Dangerous Compassions

ancestor bird

My stomach hurt, and I hadn’t eaten anything weird or new.  I have these pills with enzymes in them, that I can take.  So I took one and did some stretches I like.

I tip a little, to each side, as I stretch.  My fundus is where my ulcer was / is, which is a weird place.  I have the idea that stuff can get trapped there, gas or whatever.  When I tip, I hope that helps.

Ming was out at his new dentist.  I pat my own chest, like a caregiver burping a baby.  Yes, I did feel better, in less than half an hour.


I’m glad I can help myself.  Sometimes I feel like all I do is self-care.  Not that I never care for others.  They can be the same thing, at times.

I didn’t understand, the things people do to keep ourselves well.  So much I viewed as people wasting their time.  Now I know a lot of it is soothing themselves, anesthetizing themselves, trying to convince themselves they have worth.  Trying to convince themselves that they’re safe.  Money can symbolize safety.  Or beauty stuff like shaving or putting on makeup to feel safe also.

new friend’s bracelets

I’m getting to know a new friend.  We were on a tea date zoom.  I asked about the colorful bracelets she wears.  Does she wear them all the time.  She showed them to me.  I was dazzled by their beauty.

She has amazing taste in art.  She showed me this doll with blue hair and a cape, she found on the road.  Photos she took a long time ago, a head she sculpted.  Seeing her art was a soul-nourishing pleasure.

I love learning other ways of being.  My spaces are chaotic, and my art can be too.

She asked about my jewelry.  I told her, “I have a lot of jewelry, but I don’t wear it much.”  I explained how I don’t usually wear it at home, but she only sees me at home, over zoom.

I wear jewelry when I go out, as a way to prepare for out, or keep myself safe.  The way my mom would put on make-up, preparing herself to be strong.  Seemed about control and being beautiful–a way to have more say in how she was seen, which would be advantageous for her.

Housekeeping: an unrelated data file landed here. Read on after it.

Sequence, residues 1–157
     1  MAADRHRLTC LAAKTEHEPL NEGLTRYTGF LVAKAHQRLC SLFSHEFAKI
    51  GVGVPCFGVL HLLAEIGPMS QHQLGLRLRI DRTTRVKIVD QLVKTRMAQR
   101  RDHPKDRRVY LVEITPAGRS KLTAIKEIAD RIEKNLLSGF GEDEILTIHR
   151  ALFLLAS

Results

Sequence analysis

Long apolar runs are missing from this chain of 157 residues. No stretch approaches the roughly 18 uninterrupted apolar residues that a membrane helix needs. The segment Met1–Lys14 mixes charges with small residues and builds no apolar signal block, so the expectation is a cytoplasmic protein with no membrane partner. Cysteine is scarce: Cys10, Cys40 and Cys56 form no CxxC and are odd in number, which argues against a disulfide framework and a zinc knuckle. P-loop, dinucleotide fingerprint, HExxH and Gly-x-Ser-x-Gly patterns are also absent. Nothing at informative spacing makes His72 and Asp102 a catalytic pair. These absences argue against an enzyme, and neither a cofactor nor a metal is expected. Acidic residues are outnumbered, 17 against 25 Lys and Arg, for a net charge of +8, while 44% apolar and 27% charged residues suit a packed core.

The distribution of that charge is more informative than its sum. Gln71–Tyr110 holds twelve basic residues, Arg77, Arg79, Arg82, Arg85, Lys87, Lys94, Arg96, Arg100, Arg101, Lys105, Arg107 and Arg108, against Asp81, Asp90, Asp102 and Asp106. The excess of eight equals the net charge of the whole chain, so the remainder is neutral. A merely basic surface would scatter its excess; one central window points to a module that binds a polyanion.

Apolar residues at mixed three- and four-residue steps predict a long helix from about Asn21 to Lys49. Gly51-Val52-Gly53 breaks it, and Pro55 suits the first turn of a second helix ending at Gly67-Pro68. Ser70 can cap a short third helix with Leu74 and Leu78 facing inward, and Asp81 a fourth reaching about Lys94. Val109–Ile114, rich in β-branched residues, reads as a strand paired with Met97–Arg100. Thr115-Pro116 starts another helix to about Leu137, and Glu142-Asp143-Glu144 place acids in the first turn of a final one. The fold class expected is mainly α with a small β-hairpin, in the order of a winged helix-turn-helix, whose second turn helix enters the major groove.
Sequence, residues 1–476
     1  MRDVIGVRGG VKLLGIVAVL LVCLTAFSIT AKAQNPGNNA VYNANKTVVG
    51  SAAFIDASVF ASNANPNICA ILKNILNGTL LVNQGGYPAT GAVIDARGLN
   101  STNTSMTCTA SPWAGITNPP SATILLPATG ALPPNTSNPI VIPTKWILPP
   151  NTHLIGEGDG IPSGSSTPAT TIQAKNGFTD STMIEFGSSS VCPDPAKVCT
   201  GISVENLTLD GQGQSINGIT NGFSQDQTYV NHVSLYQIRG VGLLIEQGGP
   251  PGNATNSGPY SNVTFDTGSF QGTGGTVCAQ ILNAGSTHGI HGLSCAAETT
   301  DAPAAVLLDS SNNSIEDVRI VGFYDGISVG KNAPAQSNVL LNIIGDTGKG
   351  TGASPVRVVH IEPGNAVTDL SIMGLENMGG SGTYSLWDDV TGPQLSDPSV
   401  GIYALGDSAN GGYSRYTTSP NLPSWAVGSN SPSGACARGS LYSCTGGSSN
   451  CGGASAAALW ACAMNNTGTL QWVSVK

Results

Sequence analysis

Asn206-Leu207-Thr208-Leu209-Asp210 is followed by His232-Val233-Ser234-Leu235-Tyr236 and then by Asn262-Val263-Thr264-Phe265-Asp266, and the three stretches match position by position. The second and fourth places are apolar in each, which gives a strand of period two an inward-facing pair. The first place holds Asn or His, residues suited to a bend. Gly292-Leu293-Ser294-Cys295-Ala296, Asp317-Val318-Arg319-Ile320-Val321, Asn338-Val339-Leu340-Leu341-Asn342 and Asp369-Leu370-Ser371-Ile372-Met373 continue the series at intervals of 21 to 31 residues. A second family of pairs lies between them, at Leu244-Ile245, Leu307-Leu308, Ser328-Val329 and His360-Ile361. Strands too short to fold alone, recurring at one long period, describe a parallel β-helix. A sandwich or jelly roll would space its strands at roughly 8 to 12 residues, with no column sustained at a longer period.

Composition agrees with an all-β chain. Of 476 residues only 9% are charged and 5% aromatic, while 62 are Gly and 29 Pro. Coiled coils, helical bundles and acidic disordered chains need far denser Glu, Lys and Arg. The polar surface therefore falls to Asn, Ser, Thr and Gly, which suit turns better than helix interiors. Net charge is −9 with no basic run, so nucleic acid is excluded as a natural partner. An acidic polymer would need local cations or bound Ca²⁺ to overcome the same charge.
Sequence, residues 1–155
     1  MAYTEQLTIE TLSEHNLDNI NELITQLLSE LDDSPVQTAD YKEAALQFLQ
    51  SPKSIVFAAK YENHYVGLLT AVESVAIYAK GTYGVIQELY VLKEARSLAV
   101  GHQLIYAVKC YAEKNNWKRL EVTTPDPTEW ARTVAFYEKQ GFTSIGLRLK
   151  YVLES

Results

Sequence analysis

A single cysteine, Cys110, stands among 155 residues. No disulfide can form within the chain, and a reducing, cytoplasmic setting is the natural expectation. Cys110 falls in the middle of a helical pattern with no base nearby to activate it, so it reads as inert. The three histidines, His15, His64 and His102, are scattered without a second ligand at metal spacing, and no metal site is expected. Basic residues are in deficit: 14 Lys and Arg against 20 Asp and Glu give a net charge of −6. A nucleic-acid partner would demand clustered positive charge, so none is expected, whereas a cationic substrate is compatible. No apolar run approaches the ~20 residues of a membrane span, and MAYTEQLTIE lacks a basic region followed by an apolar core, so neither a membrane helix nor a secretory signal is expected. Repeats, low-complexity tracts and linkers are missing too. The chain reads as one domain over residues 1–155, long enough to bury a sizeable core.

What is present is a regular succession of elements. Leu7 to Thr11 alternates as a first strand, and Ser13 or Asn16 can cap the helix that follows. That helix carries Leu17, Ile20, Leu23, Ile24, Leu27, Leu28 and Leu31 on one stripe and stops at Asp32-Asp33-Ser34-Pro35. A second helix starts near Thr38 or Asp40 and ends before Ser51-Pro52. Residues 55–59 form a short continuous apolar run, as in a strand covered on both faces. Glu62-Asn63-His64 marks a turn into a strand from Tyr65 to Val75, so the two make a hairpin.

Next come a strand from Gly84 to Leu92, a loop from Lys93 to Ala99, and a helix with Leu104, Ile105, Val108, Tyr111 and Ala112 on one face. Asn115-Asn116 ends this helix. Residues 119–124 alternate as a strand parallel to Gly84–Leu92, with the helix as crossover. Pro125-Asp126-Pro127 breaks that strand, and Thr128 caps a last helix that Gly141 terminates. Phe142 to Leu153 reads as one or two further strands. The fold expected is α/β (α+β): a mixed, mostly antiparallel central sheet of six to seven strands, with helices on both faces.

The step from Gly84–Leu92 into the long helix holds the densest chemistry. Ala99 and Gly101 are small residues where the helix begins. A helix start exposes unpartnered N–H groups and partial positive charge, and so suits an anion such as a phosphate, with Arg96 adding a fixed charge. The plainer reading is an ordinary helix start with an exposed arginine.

Mama loved home.  “There’s no place like home,” she would say.  Coming back home after a trip, she would be so relieved.

I put on jewelry to ready myself for the barrage of input, sensory stimulation, and judgment I face, outside.  Then I shed the jewelry when I come home–a way to relax and be myself again.  A preferred self.



Ming and I cycled to the Worker for meditation yesterday morning.  It was a good ride, a happy part of the day.  The amaranth is blooming again.  The desert is amazing.

Sleeping for four and half hours was nice.  I made some super delicious pesto also.  And worked on art depicting an archaeopteryx fossil–ancestor bird.  The London Specimen–the first, from 1861.  I’m not happy with how these turned out, still thinking about what I learned.

art advice

I asked Ming for advice, and it was cool to talk about art with him.  We looked at the original and considered how I could do the feather part differently.  I like the bones ok; the feather parts, I cannot abide by.

We talked about accuracy, detail.  Shadows–I told him I have no idea, about shadows.  He mentioned how archaropteryx are iconic and known.  I said, “I don’t need to be super accurate–I just want them to be good arts.”  He mentioned the backgrounds, like he thought they were not helping.  I said how I like to have another layer to it.

dino paintings
[three arts depict an archaeopteryx fossil, a feathered dinosaur that’s a link between dinos and birds. two are yellow and orange–one is dark green and orange and says Ancestor Bird.]
other people’s problems

Other people’s problems can seem more finite, solvable, interesting.  Our own can seem impossible.  So interwoven with other stuff of life, that I am totally hopeless.  I see the appeal of helping others and neglecting ourselves.

I also see the appeal of amaranth.  It’s bright and gorgeous, weird, a vibrant dark pink red, makes delicious food, volunteers, gets big and towering, and makes people smile.

red flower
[brilliant red amaranth blooms in a garden]

By Laura-Marie

Good at listening to the noise until it makes sense.

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